Baudelaire’s concerns seem to be purely existential sometimes, and other times, moral. But it was the force of his aesthetic rage and despair that is most rattling. Imagine the lines, “Go, if you will, and find some brutish fiancé; / Go give a virgin heart to tortuous embrace; / And livid, with your fill of horror and remorse, / Come running back to me with scars across your breasts.” Something about women, their woman, taunts and riles Baudelaire. Bothers him, haunts him right into the depths of his blood. Women provoke Baudelaire enough to become bawdy. But no other poet could achieve bawdiness as memorably as Baudelaire did. But what is it that peeved him so much? Does the answer lie in his adulthood, his adolescence, or his childhood? Delphine and Hippolyta are magical and mythical figures. Does Baudelaire use them for a merely aesthetic reincarnation? Or do they appear out of his psychological need? Mythical figures are the best means to replace (and hide) the Absent Figure in poetry.
All flowers were a single flower. Baudelaire condemned angels and devils – not human beings – because his love wasn’t one which belonged to the world. His love was born in the forest – “the forest of symbols. What more rigorous and fatal madness can happen to life and imagination? Baudelaire was more mad than Breton. That is why he never wrote L’Amour Fou (Mad Love).
For those of you who are never happy with personal life and artistic imagination being equated, let me grant a brief epilogue. Baudelaire is many times greater than Breton because Baudelaire described the phenomenon of which Breton was a product. Baudelaire described modernity as the “bizarre.” Breton was a product of the bizarre. He was also its artist. True. For Breton – as for everyone of his generation – the past was a nightmare – as if it was bound to be, destined to be – so Breton and his believers had to trust the future – which held nothing – so obviously held everything. Breton’s idea of mad love is an idea where madness is reduced to the techniques of aesthetic imagination. From whatever reservoir of consciousness. But it disappoints as madness . Because I expect madness to lash itself. Go overboard. Lose its style. Embarrass itself. Lose control. I expect madness to puke. To really go mad. But Breton’s lovely text is ridden with a poise. An interesting but not believable poise. I have to trust madness.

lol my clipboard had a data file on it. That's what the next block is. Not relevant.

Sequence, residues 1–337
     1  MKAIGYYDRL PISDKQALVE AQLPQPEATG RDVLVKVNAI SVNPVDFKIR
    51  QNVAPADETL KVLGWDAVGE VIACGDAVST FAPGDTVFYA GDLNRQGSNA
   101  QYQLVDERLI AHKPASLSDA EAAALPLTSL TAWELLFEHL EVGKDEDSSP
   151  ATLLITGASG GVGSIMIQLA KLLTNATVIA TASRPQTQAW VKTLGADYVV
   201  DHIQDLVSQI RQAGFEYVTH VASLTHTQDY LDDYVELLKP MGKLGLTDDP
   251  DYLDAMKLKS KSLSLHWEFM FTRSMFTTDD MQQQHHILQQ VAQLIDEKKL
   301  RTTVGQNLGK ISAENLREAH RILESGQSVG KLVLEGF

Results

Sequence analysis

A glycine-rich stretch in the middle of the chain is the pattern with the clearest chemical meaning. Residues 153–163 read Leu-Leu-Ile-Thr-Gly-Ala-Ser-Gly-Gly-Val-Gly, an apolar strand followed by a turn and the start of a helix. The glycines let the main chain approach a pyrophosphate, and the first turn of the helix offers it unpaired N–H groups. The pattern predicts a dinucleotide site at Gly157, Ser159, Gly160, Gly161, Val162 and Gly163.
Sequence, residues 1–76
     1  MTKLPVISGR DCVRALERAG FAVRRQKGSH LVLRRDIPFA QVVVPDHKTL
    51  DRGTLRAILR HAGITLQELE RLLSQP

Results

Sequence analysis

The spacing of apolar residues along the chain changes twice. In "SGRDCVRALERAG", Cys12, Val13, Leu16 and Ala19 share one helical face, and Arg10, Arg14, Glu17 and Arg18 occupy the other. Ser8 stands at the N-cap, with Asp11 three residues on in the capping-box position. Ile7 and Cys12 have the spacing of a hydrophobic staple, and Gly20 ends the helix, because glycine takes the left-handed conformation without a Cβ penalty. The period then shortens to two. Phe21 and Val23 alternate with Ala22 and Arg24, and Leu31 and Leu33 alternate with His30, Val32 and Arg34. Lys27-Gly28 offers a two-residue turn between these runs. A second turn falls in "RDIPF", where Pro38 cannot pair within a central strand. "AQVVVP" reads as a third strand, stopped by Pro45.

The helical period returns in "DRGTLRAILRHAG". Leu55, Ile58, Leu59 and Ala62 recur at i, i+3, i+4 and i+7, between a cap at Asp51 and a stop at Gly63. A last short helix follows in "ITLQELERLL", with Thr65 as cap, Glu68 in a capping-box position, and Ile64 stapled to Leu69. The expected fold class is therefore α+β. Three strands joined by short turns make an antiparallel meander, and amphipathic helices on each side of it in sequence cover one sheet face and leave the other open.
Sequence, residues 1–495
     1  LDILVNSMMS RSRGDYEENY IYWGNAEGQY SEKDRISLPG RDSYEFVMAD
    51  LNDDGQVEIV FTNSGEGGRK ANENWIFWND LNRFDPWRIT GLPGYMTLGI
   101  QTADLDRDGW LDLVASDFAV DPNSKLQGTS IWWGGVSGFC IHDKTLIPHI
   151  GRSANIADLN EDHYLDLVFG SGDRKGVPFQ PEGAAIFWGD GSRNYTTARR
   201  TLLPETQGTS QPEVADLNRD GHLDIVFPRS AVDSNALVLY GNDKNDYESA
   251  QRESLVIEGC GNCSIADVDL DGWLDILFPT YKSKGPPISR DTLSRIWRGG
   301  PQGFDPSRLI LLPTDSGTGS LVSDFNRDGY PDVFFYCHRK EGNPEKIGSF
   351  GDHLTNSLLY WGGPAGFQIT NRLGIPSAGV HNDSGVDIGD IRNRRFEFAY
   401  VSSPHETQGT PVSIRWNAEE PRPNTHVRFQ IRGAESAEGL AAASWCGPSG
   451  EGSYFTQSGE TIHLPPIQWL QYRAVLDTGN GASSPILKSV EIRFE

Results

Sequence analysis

You got me wrong if you thought I meant a writer should write in an inebriated language when he writes mad love. The difference between mad and sane writing is the difference between Sylvia Plath and Breton. You can sense a schizophrenic mind at work in Plath’s poems. That is why the uneasy poise in her poems haunts you. Breton’s language doesn’t. It merely gives you an impression of madness. That is why I expect it to puke. To finally write with an empty stomach and a hallucination. To gain a poise at the real level of madness. Not this make believe, mere artistic one.
Manash Bhattacharjee is a poet, writer, translator and political science scholar from Jawaharlal Nehru University. His poems have appeared in The London Magazine, New Welsh Review, The Fortnightly Review, First Proof: The Penguin Books of New Writing from India (Volume 5), George Szirtes’ Blog, The Missing Slate, The Little Magazine, and Coldnoon. He has contributed essays, articles and reviews to Los Angeles Review of Books (forthcoming), Guernica, Huffington Post, Democracy Now, Economic and Political Weekly, Outlook, The Hindu, Biblio, etc. His first collection of poetry, Ghalib’s Tomb and OtherPoems (2013), was published by The London Magazine. He is currently Adjunct Professor in the School of Culture and Creative Expressions at Ambedkar University, New Delhi.